Hard Water: An Oliver Redcastle Historical Mystery by Louise Titchener

WATER
Hard Water: An Oliver Redcastle Historical Mystery by Louise Titchener
Publisher: Mundania Press
Genre: Historical, Suspense/Mystery
Length: Full Length (166 Pages)
Rating: 4 Stars
Reviewed by Cyclamen

Oliver Redcastle is an ex-Pinkerton, former Union Army sharpshooter who has opened a detecting agency in Baltimore. In Hard Water Oliver (set in 1884) takes a side trip after attending Alan Pinkerton’s funeral in Chicago. He stops at the idylic Lake Erie island of Put-in-Bay. His assignment is to catch an acrobatic train robber, but complications soon arise and Oliver must deal with an old murder and a new murderer. Like former Redcastle novels Oliver meets many interesting historical characters in the course of his investigation. He also runs into his maddening and beautiful ex-lover, Marietta Dumont.

Oliver Redcastle owes William Pinkerton a favor, so once again, he is off in search of a villain. This time he has to capture Frank Aballo, a trapeze artist turned bank robber. Redcastle heads to a Midwestern island, Put-in-Bay, during a blistering hot July in the year 1884.

It was great fun to travel back in history and the time period is captured in vivid details, bringing it alive and making me feel as if I was being bitten by mosquitos and sweltering in the humidity, as I tried to help Redcastle solve the mysteries that kept popping up.

The action is fast and continuous as Redcastle gets caught in one intrigue after another. He has to locate a preacher’s daughter inside a cult, work with a less than congenial assistant, keep his former mistress at arm’s length, all the time, trying to recover the stolen money and apprehend the train robber.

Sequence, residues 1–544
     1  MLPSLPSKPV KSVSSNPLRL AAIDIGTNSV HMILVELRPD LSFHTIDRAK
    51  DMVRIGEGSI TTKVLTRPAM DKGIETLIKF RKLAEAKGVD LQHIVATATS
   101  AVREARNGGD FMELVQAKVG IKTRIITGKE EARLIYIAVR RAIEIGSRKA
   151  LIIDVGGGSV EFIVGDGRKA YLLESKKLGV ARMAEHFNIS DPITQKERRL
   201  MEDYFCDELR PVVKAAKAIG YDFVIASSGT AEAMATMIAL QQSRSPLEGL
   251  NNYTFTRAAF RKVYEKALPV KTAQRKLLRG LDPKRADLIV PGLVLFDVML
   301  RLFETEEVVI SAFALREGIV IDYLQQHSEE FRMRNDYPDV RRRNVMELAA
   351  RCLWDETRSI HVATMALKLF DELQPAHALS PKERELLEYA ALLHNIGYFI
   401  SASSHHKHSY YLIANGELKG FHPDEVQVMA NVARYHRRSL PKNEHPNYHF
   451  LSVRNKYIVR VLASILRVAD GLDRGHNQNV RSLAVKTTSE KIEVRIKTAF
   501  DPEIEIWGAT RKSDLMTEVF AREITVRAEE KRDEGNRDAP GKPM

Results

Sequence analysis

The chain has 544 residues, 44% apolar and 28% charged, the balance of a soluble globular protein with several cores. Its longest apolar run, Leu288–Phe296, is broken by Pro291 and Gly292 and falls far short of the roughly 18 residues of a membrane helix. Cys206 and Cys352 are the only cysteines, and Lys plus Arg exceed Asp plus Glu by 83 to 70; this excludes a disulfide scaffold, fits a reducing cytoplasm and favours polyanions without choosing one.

The characters were very real. The action takes place in a short period of time, so there wasn’t a lot of character development, but they were all believable and interesting. I especially liked one of the minor characters, a young lad named Billy Stojack. His mother does the laundry for day-trippers and others, definitely not an easy job given the hardness of the water which leaves reddish stains around the wash basin. Billy brings in some extra cash acting as a guide, running errands and so forth. He is a very nice addition to the story, making it seem even more real and human.

If you want to feel what it was like to be a Pinkerton detective, rub shoulders with famous historical figures, all the time trying to solve an interesting murder, then Hard Water may be just what you are looking for.

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